Demolition of a church building that stood for nearly 100 years on busy Colvin Avenue in North Buffalo got under way Friday, after the city issued a permit for the work earlier in the day.

The city Preservation Board had tried to stop the permit from being issued, but administration officials said the property owner had met all of the requirements and there was no legal reason to withhold it.

Neighbors had mixed feelings about the demolition of the former North Park Baptist Church. The future isn’t clear for what will be a large vacant lot at Colvin and Tacoma avenues.

“They call this progress? I really don’t know,” said Karen Balzer, who lives on Saranac Avenue behind the building. The demolition work began at the rear of the structure.

The building has been vacant since 2006, when a Korean Methodist congregation left for a location in Amherst. An April fire that was ruled an arson caused $250,000 in damage, and the owner’s representatives said the fire and subsequent water damage made the building unsafe.

The building’s owner, the United Methodist Church Upper New York Annual Conference, sought a permit for demolition in the standard process. While the city notified the Preservation Board of the demolition application, board members said that even with a full 30-day notice, it is difficult to hold a public hearing and send the landmark application to the Common Council for its review and a vote during that period.

“This is really something that we really do think is worthy of being a landmark,” said board Chairman Paul McDonnell. “This totally usurps our ability to hold a public hearing for the landmarking.”

The Preservation Board received notice of the church’s application to tear down the building, at 375 Colvin Ave., on Nov. 26. But the board canceled its meeting that week.

“We didn’t realize the repercussions of canceling the meeting,” McDonnell said.

Subsequent attempts by board members to tour the building were either canceled by the owner or not attended by board members because of communication issues, he said.

The board voted on Dec. 27 to schedule a public hearing for a landmark designation on Jan. 10, and requested that Permits and Inspections Commissioner James Comerford Jr. hold off on issuing the permit until the designation could make its way to the Common Council.

The building, constructed in the early 1920s, meets five out of nine criteria listed in the city preservation code for landmark status, and only one of the criteria is necessary for a designation, McDonnell said.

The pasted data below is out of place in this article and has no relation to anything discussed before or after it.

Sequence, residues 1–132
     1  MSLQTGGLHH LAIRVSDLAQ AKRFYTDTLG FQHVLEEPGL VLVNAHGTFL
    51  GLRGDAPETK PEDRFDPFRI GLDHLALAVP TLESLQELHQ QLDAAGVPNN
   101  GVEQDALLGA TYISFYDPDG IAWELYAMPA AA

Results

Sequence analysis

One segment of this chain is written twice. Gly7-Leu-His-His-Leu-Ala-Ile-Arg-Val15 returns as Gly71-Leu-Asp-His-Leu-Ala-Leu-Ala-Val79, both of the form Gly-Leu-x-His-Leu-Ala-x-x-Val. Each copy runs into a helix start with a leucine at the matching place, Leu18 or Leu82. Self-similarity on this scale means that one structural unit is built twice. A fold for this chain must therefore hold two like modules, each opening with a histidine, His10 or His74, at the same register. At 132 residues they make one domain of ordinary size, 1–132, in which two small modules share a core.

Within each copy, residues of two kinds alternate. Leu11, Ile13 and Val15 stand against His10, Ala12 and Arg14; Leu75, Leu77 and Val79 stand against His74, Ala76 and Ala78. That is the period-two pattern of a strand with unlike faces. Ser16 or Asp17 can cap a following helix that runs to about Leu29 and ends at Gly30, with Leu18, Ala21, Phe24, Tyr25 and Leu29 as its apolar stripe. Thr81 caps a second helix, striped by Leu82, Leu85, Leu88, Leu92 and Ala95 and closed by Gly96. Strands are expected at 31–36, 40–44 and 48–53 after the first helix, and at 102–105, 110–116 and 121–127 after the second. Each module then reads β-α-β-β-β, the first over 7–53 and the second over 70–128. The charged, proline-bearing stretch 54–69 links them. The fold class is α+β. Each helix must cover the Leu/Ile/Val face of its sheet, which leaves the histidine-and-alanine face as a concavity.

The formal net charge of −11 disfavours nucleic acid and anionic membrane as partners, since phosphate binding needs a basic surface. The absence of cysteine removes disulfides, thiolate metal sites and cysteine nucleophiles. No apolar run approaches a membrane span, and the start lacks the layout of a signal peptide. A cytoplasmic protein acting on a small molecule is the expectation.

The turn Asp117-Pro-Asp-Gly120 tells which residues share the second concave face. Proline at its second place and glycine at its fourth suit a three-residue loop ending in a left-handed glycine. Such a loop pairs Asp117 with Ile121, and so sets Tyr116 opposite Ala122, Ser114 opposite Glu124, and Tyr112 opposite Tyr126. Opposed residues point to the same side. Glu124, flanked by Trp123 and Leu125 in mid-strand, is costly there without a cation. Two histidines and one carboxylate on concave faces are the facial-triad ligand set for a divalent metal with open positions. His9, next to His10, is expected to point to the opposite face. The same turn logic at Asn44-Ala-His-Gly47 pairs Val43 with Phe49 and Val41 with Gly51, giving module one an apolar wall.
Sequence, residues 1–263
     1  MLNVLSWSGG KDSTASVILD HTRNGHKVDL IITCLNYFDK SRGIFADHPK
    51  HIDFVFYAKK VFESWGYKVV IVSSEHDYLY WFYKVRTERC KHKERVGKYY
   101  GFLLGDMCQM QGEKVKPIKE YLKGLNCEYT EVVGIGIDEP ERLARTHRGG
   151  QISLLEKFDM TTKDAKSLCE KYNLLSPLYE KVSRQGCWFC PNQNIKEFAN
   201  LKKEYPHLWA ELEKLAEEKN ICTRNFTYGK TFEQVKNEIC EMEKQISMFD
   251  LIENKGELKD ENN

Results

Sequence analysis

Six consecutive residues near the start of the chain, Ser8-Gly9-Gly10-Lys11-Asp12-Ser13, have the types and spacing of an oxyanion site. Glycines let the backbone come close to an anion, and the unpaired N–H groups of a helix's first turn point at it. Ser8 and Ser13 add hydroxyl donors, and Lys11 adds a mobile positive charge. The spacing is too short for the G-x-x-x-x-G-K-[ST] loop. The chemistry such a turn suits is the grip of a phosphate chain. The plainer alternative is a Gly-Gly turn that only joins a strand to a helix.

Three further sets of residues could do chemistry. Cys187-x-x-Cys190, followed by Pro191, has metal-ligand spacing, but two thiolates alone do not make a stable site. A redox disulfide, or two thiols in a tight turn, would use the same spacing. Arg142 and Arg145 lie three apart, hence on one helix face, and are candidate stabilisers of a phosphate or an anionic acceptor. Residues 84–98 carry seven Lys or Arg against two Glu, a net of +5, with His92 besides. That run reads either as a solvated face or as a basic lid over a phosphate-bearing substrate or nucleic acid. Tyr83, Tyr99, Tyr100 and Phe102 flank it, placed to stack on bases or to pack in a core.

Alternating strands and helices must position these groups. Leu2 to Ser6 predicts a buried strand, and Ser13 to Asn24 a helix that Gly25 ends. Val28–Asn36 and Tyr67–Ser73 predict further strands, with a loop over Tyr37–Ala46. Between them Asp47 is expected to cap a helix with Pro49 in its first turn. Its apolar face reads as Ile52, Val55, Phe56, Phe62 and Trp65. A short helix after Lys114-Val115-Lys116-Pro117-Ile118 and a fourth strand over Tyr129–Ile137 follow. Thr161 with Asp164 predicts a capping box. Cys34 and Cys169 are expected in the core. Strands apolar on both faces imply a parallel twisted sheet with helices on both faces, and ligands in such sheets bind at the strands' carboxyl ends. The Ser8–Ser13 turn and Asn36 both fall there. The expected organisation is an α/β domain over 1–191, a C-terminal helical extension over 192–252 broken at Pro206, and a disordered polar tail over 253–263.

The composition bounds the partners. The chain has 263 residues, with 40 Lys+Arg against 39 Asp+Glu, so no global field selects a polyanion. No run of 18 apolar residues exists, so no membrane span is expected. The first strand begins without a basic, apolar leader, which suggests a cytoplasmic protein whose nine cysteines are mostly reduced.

In addition to Baptists and Methodists, the building also hosted Scottish Rite Masons and Jews.

Vince Gregory, president of the Saranac Central Block Association, said his neighbors generally wanted to save the building and see it turned into apartments or a community center, though some thought it should be torn down.

The neighborhood had some concern about the recent upkeep of the building, and about the activities there by people who broke into it to hang out, Gregory said.

“Our concern is, is it going to be leveled, is it going to be fenced off?” he said. “Who’s going to be maintaining it?”

A 17-year-old boy who was charged in connection with the arson claimed that he had a dispute with another person and did not mean to cause damage to the building.

Balzer, who lives behind the property, said the site would be good for a playground. She didn’t know if the demolition will be good for the neighborhood or not, and said everyone’s view is going to change.

The length of time the demolition will take is up to the contractor, said Maidstone Mulenga, director of communications for the building owner.

A future use for the land, or a decision to put it up for sale, will be made by the church’s board of trustees, Mulenga said.

Under Mayor Anthony M. Masiello, a change was made in city law to require that every demolition – not just city landmarks and those in historic preservation districts – be brought to the Preservation Board for a 30-day review before a permit is issued.

The board can recommend whether a permit should be issued for every demolition but has more authority to prevent demolitions in the case of landmarks or buildings in historic districts.

Comerford told the Preservation Board that, upon advice of the city’s lawyers, a demolition permit cannot be “unreasonably withheld.”

“You don’t want to rush into a demo,” said Preservation Board member Tim Tielman, adding that the board needs time to research the history of the building in order to make a proper case for the building to be preserved.

“What is it to the owner to wait 30 days?”

Mayor Byron W. Brown said earlier this week that while he wouldn’t like to see the building demolished, the city must honor the request of the owner if the owner met the requirements of obtaining a permit.

Guy Latona,a Colvin Avenue resident, said he and his neighbors had hoped the structure would remain standing.

“We don’t need another vacant lot,” Latona said.